What is Tenkara fishing? Where did it come from? Why does it seem to be blowing up across the country? Why should I care? Below is our beginner’s guide to Tenkara fishing where we will hopefully answer these questions for you and give you some talking points to share the next time you are out with your avid freshwater fishing friends. When we started seeing Tenkara fishing popping up in our Facebook feeds and in online articles we got intrigued. We began asking around with some of our fishing friends and apparently it is a widely known style of fishing that has been around for a while (actually quite a LONG while) but is now starting to gain find popularity and see some awareness here in the Southeast.
Tenkara literally means “from heaven” or “from the skies” and has been a widely used fishing practice in Japan for decades although the term and style first showed up in a book over 200 years ago. Fisherman in Japan used the style in fresh water streams as an adaption on traditional fly-fishing because it was easier to catch the local fish with.
Tenkara fishing is similar to fly-fishing although the equipment and technique used are somewhat streamlined. Only a rod, line, and fly are used to fish and no reel is used. Because there is less gear involved, Tenkara fishing is an easier and lighter setup making the learning curve less steep and a little more manageable for most people. The rods are typically much longer than traditional fly fishing rods so that you can pretty much drop your line and fly where you want it instead of casting. While there is still some form and casting involved, it is a way easier and less complicated method than casting a fly rod which makes this a great way for all ages to get into fly fishing.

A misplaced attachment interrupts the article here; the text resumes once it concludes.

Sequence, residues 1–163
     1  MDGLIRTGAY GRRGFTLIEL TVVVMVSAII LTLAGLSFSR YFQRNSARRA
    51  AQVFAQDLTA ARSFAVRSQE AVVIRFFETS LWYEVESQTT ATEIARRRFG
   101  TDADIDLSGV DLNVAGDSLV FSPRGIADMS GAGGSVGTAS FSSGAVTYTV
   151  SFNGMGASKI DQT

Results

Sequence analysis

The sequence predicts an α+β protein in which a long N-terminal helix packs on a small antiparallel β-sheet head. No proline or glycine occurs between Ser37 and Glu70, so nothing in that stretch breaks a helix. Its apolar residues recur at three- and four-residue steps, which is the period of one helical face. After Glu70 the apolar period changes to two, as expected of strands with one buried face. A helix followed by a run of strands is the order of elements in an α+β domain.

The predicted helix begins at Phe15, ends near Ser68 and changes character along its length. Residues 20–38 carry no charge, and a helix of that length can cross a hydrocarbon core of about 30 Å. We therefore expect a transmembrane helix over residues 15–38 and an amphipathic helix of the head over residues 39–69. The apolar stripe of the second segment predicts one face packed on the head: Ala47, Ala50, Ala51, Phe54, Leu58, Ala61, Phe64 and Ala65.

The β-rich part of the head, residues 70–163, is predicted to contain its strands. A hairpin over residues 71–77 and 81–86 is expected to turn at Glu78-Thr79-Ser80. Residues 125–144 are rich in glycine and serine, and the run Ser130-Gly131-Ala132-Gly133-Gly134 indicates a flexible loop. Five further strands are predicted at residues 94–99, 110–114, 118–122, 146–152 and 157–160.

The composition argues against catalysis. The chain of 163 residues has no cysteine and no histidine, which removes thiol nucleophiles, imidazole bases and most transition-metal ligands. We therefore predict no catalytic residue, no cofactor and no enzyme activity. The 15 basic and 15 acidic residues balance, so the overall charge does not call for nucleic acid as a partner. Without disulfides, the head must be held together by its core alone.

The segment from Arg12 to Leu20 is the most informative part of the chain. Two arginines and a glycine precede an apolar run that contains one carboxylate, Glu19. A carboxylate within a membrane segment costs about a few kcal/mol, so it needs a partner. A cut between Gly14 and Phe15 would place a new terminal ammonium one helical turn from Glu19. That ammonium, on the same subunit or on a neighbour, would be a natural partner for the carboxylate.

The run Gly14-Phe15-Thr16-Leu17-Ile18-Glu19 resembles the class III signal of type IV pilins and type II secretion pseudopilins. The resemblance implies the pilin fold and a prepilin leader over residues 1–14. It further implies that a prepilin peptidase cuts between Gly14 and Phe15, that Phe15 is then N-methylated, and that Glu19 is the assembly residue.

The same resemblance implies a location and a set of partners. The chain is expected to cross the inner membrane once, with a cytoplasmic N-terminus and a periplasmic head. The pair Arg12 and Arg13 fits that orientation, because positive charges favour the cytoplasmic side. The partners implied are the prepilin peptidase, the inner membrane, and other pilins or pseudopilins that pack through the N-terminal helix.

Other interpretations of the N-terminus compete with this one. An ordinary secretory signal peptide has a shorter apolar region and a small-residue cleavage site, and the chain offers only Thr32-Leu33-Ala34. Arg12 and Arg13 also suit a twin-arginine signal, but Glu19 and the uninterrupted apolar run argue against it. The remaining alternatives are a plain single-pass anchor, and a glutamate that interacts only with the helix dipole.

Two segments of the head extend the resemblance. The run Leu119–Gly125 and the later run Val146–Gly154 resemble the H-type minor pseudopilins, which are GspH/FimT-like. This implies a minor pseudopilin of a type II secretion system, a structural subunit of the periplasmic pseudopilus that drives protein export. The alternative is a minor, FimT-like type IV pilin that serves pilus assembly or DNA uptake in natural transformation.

I wouldn’t quite say Tenkara fishing is controversial but it is not without it’s skepticism from the die hard and traditional fly fishing enthusiasts. Even Lefty Kreh, the god-father of modern fly fishing, called it a fad. But that was four years ago and it has continued to gain in popularity among both novices and experienced fishers alike. Even the seasoned traditional fly fisherman are finding Tenkara an enjoyable and useful form of fishing as it lets you get into places that you wouldn’t normally be able to get to. Additionally, it gives you the opportunity to catch smaller fish like bluegill, smaller trout, and northern pike. It also has a generally cheaper initial setup when it comes to buying gear making it a more affordable entry point into fly fishing.